Tuning Up - Winter 2023

Not Your Parents’ New York Phil

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Opening night at David Geffen Hall was an attempt to reconcile with an institution’s past and map out a way for the future

By Vivien Schweitzer | December 1, 2022

In the mid-1950s, the Mayor’s Committee on Slum Clearance in New York City authorized the demolition of a working-class Black and Hispanic neighborhood on Manhattan’s West Side—a culturally rich community that included among its residents Thelonious Monk, Benny Carter, and Zora Neale Hurston. The clearance, part of Robert Moses’s widespread campaign of urban renewal in the city, saw homes, schools, and about 800 businesses razed to make way for the Lincoln Center for the Performing Arts. Throughout the 1960s, the fortresslike arts campus arose on 18 city blocks, its buildings designed by such architects as Philip Johnson, Eero Saarinen, and Pietro Belluschi. Philharmonic Hall (later renamed Avery Fisher Hall and now called David Geffen Hall) opened in 1962 as the new home of the New York Philharmonic. The Metropolitan Opera House, the New York State Theater (now the David H. Koch Theater), Alice Tully Hall, and the Juilliard School were completed soon afterward. Meanwhile, the 7,000 families that had been displaced during construction were forced to relocate to already overcrowded areas in Harlem and the Bronx. Segregation worsened on Manhattan’s West Side, as the gleaming new complex seemed to turn its back on the Black neighborhoods to the west of Amsterdam Avenue.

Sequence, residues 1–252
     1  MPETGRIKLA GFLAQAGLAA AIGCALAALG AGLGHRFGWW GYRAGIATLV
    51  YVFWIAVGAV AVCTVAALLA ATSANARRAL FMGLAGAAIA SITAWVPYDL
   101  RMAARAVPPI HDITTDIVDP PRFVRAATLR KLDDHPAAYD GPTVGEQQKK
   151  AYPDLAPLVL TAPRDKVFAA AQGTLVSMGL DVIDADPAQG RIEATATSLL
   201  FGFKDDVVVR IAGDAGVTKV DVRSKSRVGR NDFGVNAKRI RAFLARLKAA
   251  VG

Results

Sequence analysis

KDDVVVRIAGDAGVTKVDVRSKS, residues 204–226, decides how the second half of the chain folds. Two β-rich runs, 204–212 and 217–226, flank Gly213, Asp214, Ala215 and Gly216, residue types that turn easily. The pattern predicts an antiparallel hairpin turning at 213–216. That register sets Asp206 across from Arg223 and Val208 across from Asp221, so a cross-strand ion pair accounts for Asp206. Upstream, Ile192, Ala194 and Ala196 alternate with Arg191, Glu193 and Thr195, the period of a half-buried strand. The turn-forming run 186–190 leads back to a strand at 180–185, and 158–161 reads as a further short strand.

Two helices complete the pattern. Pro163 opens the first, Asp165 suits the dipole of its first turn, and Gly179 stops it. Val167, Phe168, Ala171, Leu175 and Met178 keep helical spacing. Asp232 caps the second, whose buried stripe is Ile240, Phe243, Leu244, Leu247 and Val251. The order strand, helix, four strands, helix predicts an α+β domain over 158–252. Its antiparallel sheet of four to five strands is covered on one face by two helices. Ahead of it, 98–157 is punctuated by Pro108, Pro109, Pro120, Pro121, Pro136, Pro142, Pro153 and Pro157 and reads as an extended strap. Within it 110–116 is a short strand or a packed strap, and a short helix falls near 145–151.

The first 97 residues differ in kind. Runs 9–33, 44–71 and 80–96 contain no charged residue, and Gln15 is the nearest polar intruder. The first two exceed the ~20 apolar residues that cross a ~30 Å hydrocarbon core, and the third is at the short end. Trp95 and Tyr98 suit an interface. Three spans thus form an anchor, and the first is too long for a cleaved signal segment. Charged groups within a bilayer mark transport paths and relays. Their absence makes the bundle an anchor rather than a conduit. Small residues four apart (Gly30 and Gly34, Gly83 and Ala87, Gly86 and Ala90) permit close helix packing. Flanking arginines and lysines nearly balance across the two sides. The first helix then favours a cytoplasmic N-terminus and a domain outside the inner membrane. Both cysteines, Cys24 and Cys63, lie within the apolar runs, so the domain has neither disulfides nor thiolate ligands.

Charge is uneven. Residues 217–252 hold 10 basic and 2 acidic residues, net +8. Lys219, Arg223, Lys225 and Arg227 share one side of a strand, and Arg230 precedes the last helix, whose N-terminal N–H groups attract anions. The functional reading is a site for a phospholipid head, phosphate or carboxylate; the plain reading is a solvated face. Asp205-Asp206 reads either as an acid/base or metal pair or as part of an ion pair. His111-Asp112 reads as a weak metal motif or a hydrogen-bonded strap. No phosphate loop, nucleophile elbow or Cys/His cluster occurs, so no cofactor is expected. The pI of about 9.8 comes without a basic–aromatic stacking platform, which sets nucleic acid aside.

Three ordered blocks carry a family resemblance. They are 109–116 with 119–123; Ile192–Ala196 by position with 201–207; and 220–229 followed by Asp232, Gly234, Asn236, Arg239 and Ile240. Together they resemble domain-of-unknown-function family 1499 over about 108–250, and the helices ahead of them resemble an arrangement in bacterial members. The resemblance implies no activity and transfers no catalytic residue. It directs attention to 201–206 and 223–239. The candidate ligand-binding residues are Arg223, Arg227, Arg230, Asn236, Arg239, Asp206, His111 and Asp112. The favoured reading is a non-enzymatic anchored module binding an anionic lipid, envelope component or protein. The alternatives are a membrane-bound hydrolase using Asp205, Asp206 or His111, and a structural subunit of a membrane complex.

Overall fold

Lincoln Center’s origin story had been glossed over or ignored entirely in the decades since. But a recently completed $550 million renovation of the Philharmonic’s concert hall, meant to address its dreary acoustics and décor, has also spurred some much-needed introspection. Increasing diversity at Lincoln Center was one of three urgent priorities for the organization’s chief executive officer, Henry Timms, when he began his appointment in the spring of 2019—a process that took on greater urgency during the pandemic, after the murder of George Floyd. “What we’re trying to do,” Timms told me, “is bake in a greater commitment to inclusion in everything we do, from who’s on our stage to how we spend our money to how we think about space.” Forty-two percent of the construction contracts for the hall’s renovation, for example, were awarded to minority- and women-owned businesses.

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